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Advanced Instructional Design. Fall 2001 Dr. Santo Instructor Joel Price Presenter. Computer-aided Instruction. Distance vs. Traditional Education Why are Students Successful? Why is Instruction Successful? How Important is Interaction? Cost vs. Benefits.

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advanced instructional design

Advanced Instructional Design

Fall 2001

Dr. Santo

Instructor

Joel Price

Presenter

computer aided instruction
Computer-aided Instruction
  • Distance vs. Traditional Education
  • Why are Students Successful?
  • Why is Instruction Successful?
  • How Important is Interaction?
  • Cost vs. Benefits
distance vs traditional education
Research indicates that the instructional format itself (e.g., interactive video vs. videotape vs. "live" instructor) has little effect on student achievement as long as the delivery technology is appropriate to the content being offered and all participants have access to the same technology.

Achievement on various tests administered by course instructors tends to be higher for distant as opposed to traditional students (Souder, 1993).

Conventional instruction is perceived to be better organized and more clearly presented than distance education (Egan, et al., 1991).

Distance vs. Traditional Education
why are students successful
Why are Students Successful?
  • Distance education students:
    • Are voluntarily seeking further education.
    • Have post-secondary education goals with expectations for higher grades.
    • Are highly motivated and self-disciplined.
    • Are older.
    • Possess a more serious attitude toward the courses.
why is instruction successful
Why is Instruction Successful?
  • Good distance teaching practices are fundamentally identical to good traditional teaching practices.
  • Extensive pre-planning and formative evaluation is necessary.
  • Learners get more from the courses when the instructor seems comfortable with technology, maintains eye contact with the camera, repeats questions, and possesses a sense of humor.
how important is interaction
How Important is Interaction?
  • Many distant learners require support and guidance to make the most of their distance learning experiences.
  • Learners value timely feedback regarding course assignments, exams, and projects.
  • Learners benefit significantly from their involvement in small learning groups.
  • Learners are more motivated if they are in frequent contact with the instructor.
cost vs benefits analysis
Cost vs. BenefitsAnalysis
  • Costs of offering distance education courses may be high. There are high costs associated with offering distance ed courses.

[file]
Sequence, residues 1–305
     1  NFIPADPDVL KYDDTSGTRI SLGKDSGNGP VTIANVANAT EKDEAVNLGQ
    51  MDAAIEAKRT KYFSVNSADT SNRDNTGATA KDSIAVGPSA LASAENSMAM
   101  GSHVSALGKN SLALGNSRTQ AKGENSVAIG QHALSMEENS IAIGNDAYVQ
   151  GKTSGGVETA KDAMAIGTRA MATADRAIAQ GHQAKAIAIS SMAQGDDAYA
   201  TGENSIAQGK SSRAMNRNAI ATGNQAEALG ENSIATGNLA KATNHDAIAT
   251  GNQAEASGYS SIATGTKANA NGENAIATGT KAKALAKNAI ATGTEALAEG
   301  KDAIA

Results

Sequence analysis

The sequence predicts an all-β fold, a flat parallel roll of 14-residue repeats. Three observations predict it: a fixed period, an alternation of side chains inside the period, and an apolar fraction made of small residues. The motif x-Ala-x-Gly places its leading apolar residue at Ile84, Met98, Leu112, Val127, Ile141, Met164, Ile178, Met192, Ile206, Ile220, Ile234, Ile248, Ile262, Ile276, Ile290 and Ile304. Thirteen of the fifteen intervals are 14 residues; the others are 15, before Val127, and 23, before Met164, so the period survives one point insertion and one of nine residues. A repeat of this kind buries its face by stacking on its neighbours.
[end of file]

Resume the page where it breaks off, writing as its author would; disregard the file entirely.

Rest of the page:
• Technology: hardware, software
    • Transmission: Fiber, satellite
    • Maintenance: Repair
    • Infrastructure: Site
    • Production: ID professional
    • Support: Staff
benefits
Benefits
  • Accessible training to students in rural areas.
  • Students may complete their course of study without suffering the loss of salary due to relocation.
  • Students are exposed to the expertise of the most qualified faculty.
effective teaching and learning with distance education
Student Traits

Successful students develop persistence and skills in self-directed work.

Students must maintain persistence and a clear focus to succeed.

Self-direction,

A passion for learning,

Strong individual responsibility

Teacher Traits

Conversant with new technology

Develops new instructional styles.

Moving from creating instruction to managing resources and students and disseminating views (Strain, 1987)

EFFECTIVE TEACHING AND LEARNING WITH DISTANCE EDUCATION
critical elements for successful teaching at a distance
Critical elements for successful teaching at a distance
  • Instructor enthusiasm
  • Organization.
  • Strong commitment to student interaction.
  • Familiarity with the technology.
  • Critical support personnel.
technology effectiveness framework
Technology effectiveness framework

The intersection of two continua - learning and technology performance - defines the effectiveness of a particular technology in student learning.

The framework's horizontal axis is learning, which progresses from passive at the low end of the continuum to engaged and sustained at the high end.

The vertical axis is technology performance, which progresses from low to high.

technology effectiveness framework1
Technology effectiveness framework
  • Pattern A - Engaged learning and high technology performance 
  • Pattern B - Engaged learning and low technology performance 
  • Pattern C - Passive learning and high technology performance
  • Pattern D - Passive learning and low technology performance
directions for change
Directions for Change
  • Type I trajectory:
    • D - B.
      • This is movement from passive learning and low technology performance to engaged learning and low technology performance.
directions for change1